“GET OUT!!” I shouted suddenly, snatching up my plant and clutching it to my chest as if it were my one true friend. “Get out of my room!!”

They stopped. Turned to glance thoughtfully at one other and hushed. Retreated silently from my office, sadly into the unknown depths of the rest of the house, while I scolded myself over my own childish temper tantrum.

I can’t lie. I enjoyed the quiet in spite of myself.

An hour later I tiptoed gingerly into the empty kitchen, still feeling a little guilty over my impatient outburst and considering whether I ought to compensate with everyone’s favorite dinner and maybe ice cream to boot. Through the wide doorway down the hall I could see them: my two kids lying serenely next to each other on the living room floor, companionably assembling a five-hundred-piece jigsaw puzzle I’d gotten them for Christmas. Their argument as long forgotten as Mom’s unusual fit of anger, their renewed friendship ensured as long as the delicate balance between sibling love and sibling rivalry was carefully maintained. A balance that might be upset by the smallest act, the tiniest sound, the most frivolous word, the most meager interruption to their peaceful co-existence. Maybe they had something there, after all, those parenting books with their recommendations of non-interference.

I ducked unnoticed back into my office; returned to the smooth stillness of my walls and my work, reassured that my children were safe, my family once again loving and intact. A short time later my husband came in from the garage, the blissfully quiet haven in which he’d passed his leisurely afternoon, his work-boots clunking hard against the laminate flooring as if entirely unconcerned about who heard or observed them. “We got a while until dinner?” he boomed, thrusting aside the door of my office with a bang and energetically brushing the dust from his big black mustache onto my still-quivering houseplant. “I was thinking of patching that hole in the living room wall,” he continued, staring at me curiously as I leapt from my rocking, rolling chair, waving my hands incomprehensibly in a frantic effort to shush him.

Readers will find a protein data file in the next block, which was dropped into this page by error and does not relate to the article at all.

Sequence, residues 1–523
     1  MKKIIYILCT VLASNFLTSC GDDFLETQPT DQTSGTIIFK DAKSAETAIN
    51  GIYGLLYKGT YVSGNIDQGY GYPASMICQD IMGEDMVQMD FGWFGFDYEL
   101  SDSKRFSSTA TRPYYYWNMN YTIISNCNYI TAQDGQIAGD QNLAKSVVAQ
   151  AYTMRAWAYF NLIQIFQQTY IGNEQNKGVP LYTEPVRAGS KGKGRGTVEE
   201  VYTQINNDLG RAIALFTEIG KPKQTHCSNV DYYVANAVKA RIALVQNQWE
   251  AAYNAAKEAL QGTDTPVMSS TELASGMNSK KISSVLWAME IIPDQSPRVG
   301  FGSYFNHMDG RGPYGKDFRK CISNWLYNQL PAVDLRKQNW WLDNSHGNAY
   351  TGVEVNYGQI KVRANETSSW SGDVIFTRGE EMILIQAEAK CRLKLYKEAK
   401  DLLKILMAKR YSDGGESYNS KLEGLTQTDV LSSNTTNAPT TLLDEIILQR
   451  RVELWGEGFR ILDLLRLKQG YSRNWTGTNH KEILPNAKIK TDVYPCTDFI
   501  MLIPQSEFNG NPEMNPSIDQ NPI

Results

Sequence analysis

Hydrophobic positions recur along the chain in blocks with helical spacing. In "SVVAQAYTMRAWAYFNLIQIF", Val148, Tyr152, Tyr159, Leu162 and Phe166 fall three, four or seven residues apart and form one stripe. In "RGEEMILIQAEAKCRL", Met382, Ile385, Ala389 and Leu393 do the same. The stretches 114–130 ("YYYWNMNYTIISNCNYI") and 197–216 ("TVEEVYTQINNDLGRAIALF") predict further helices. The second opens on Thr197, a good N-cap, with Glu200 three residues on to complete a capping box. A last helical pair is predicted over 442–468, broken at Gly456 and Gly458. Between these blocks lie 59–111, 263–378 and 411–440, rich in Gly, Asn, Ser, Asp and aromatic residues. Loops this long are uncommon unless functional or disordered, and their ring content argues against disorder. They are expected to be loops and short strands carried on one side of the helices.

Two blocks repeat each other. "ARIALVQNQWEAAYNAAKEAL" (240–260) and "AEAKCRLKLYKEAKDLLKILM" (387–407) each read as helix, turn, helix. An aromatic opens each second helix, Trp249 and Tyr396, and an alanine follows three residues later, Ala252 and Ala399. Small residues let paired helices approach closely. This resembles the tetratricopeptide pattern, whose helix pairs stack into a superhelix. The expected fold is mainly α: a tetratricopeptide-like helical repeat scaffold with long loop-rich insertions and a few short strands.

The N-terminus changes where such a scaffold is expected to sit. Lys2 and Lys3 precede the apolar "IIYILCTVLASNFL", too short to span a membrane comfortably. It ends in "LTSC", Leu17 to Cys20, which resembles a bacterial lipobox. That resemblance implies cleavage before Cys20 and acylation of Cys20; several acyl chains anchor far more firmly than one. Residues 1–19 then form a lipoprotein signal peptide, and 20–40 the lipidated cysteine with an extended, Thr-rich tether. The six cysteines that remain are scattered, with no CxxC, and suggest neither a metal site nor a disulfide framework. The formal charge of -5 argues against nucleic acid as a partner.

“Late dinner tonight,” I whispered, silencing his half-uttered response with a kiss while I wondered how many minutes or hours the newfound peace might reign in our little kingdom if only we left our children alone. “But stay out of their room.”

Out2

How Many Times Do I Have to Rewrite This %$^&# Thing?! The “Yellow Wagon” Saga

My flash fiction story “Yellow Wagon” has been published in Every Day Fiction: